Evaluating shading bias in malaise and intercept traps

Journal of the Acadian Entolomgical Society
By:  and 



Foresters are increasingly focusing on landscape level management regimes. At the landscape level, managed acreage may differ substantially in structure and micro-climatic conditions. Trapping is a commonly used method to evaluate changes in insect communities across landscapes. Among those trapping techniques, Malaise and window-pane traps are conveniently deployed to collect large numbers of insects for relative estimates of density. However, the catch within traps may be affected by a wide range of environmental variables including trap location, height, and factors such as exposure to sunlight and temperature. Seven experiments were conducted from 1996 through 2000 to evaluate the effects of shading on trap catch of a variety of Malaise trap designs and one window-pane trap design. Overall, differences in shading effects on trap catch were detected across different traps and taxa and suggested that, in general, more insects are collected in traps that were in direct sunlight. The effect of shading varied from a reduction in trap catch of 10 % to an increase of 7%, the results depended on trap color. Diptera, Coleoptera, and Homoptera were most likely to exhibit this bias. In contrast, trap catch of the Hymenoptera was the most variable and appeared to be sensitive to factors that might interact with sun/shade conditions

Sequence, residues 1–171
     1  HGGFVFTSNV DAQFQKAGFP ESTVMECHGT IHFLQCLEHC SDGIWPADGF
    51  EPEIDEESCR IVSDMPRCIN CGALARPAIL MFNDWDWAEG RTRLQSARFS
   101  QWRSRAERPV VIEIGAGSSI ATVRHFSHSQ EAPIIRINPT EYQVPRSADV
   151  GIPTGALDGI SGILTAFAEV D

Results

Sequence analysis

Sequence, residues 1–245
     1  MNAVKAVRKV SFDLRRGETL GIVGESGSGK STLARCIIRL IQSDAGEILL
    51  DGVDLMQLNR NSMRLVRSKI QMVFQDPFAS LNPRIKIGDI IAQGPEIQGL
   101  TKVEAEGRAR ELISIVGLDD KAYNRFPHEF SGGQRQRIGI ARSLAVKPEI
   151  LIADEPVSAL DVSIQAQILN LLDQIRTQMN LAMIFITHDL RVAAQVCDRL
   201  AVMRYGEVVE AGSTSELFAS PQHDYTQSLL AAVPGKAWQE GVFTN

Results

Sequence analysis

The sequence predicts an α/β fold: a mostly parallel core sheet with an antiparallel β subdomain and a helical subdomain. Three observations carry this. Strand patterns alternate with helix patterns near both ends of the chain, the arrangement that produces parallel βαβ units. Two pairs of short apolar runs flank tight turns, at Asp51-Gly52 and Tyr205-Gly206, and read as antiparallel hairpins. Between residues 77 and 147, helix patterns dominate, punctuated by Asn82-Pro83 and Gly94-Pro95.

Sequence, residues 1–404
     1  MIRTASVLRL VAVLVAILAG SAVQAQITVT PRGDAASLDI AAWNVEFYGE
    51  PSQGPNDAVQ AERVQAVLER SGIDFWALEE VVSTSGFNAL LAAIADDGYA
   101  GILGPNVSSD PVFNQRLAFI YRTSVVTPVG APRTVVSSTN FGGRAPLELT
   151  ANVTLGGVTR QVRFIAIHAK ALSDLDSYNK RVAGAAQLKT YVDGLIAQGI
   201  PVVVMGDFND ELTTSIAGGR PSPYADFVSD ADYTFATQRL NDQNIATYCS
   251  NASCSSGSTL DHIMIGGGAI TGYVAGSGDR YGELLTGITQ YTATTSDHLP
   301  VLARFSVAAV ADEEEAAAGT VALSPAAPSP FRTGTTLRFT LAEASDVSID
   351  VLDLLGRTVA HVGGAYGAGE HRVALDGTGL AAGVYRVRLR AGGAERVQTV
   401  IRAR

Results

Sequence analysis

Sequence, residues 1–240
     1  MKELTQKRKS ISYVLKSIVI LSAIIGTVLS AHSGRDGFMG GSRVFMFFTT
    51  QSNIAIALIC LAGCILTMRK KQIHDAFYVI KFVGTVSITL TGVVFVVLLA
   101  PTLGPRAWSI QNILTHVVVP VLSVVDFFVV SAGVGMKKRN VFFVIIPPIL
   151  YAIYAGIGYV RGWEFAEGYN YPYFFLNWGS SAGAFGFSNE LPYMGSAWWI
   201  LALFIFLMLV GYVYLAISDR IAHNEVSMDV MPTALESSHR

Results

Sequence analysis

Publication type Article
Publication Subtype Journal Article
Title Evaluating shading bias in malaise and intercept traps
Series title Journal of the Acadian Entolomgical Society
Volume 3
Year Published 2007
Language English
Publisher The Acadian Entomological Society
Contributing office(s) Northern Rocky Mountain Science Center
Description 11 p.
First page 38
Last page 48
Online Only (Y/N) N
Additional Online Files (Y/N) N
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